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I'm confused on the use of the uniq command. Can anyone explain this command and how to use it?

How can I use uniq without specifying any option? Any example would be helped and appreciated.

  • 8
    Have you tried reading the man page for uniq? man uniq. – n0pe Mar 8 '13 at 3:05
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uniq read file line-by-line, and only consider a duplicate when the current line is exactly the same as the last line,

i.e for a input file like this,

1
1
2
1

You'll get an output like this,

1
2
1

To use it, you can either run it though a pipe, i.e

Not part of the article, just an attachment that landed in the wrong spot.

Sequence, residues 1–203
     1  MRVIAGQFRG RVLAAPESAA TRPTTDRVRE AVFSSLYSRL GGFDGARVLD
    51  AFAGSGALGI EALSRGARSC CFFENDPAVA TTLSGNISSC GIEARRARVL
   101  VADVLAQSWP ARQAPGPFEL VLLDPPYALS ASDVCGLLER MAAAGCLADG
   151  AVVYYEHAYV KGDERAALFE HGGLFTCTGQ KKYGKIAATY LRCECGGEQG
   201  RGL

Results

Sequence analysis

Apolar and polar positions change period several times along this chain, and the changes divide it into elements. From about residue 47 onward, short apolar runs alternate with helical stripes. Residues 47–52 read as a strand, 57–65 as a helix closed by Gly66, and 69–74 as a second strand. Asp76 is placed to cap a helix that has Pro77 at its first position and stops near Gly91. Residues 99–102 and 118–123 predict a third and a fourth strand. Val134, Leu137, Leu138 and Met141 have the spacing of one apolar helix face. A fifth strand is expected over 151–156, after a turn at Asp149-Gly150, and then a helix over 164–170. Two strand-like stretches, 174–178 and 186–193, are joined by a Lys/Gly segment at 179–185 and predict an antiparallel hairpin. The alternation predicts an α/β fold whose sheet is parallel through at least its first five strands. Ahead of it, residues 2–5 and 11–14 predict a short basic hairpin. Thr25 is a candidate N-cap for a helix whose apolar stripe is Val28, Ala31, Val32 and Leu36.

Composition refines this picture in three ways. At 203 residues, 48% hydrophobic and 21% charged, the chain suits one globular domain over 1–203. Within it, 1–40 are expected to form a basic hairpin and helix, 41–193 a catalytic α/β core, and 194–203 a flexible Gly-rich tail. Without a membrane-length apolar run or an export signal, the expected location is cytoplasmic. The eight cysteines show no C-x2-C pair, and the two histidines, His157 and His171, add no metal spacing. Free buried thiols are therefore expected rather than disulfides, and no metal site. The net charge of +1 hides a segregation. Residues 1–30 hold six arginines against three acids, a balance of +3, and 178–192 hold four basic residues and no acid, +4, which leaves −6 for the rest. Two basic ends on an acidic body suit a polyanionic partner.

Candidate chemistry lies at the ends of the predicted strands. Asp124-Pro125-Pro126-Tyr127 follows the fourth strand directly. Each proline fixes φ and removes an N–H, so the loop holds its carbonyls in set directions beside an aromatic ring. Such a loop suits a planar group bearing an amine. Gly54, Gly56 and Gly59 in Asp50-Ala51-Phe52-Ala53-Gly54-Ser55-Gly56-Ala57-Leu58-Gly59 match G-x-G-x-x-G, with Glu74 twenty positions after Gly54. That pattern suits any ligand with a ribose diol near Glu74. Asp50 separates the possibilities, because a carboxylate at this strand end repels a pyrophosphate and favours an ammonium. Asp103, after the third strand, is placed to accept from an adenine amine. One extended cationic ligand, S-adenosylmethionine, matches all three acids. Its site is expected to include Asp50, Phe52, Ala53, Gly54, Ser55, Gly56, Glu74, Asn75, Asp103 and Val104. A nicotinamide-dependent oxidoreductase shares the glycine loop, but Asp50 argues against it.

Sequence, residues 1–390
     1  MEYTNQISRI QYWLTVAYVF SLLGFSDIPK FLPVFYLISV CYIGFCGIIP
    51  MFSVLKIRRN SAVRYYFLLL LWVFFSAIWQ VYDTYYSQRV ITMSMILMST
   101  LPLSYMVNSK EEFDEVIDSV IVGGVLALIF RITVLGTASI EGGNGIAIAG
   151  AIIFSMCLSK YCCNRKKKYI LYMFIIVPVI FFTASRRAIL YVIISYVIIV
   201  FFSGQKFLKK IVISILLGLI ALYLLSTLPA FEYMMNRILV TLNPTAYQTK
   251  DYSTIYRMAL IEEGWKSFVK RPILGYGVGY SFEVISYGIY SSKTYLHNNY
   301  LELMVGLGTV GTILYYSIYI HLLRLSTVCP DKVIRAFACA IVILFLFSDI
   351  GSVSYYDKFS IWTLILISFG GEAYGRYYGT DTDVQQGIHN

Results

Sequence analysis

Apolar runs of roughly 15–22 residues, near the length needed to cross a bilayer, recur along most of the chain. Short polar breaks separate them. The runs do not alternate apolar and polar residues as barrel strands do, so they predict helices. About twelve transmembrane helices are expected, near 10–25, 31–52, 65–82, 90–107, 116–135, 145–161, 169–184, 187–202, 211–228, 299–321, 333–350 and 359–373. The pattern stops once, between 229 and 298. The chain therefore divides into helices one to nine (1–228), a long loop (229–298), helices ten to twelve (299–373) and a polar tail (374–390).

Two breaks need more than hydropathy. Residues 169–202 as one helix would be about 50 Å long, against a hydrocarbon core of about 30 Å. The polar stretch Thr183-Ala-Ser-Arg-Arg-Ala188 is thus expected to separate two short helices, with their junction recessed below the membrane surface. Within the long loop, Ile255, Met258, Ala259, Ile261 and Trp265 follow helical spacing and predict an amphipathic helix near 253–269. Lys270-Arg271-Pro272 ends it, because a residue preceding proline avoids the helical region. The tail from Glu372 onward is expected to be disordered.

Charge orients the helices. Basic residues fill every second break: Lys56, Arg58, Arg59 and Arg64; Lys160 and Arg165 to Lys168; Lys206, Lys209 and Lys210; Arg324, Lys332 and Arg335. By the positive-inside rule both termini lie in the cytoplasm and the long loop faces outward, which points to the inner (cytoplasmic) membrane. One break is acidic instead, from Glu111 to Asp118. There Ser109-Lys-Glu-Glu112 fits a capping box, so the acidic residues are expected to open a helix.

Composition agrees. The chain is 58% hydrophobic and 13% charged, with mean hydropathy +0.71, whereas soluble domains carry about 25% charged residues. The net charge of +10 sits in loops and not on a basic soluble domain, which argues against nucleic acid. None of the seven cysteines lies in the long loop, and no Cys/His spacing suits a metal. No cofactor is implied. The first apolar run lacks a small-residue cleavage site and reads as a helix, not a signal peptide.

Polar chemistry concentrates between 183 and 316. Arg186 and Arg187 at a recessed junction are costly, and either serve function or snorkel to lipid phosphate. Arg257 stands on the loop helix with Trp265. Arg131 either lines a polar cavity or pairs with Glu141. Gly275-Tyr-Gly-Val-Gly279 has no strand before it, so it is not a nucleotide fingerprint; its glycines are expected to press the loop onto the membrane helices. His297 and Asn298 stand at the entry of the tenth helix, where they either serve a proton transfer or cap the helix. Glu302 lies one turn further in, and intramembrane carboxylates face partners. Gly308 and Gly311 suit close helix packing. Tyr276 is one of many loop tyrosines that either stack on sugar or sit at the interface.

command | uniq

Or get the input from a file like this,

uniq < input > output

  • I have to downvote this because it doesn't appear to answer the question at all. The question is about uniq, not sort. Data does need to be sorted for uniq to work, but that is not included here. – jordanm Mar 8 '13 at 6:19
  • @jordanm ah, I take it wrong, answer updated, thanks for pointing out – daisy Mar 8 '13 at 6:26
  • However, all my uses of uniq combine with sort – Bernhard Mar 8 '13 at 12:30
  • Downvote removed – jordanm Mar 8 '13 at 15:37
  • For completeness, I'd suggest including a demonstration of how uniq and sort work together; I agree that uniq is most useful when combined with sort. – davidcl Mar 8 '13 at 17:06

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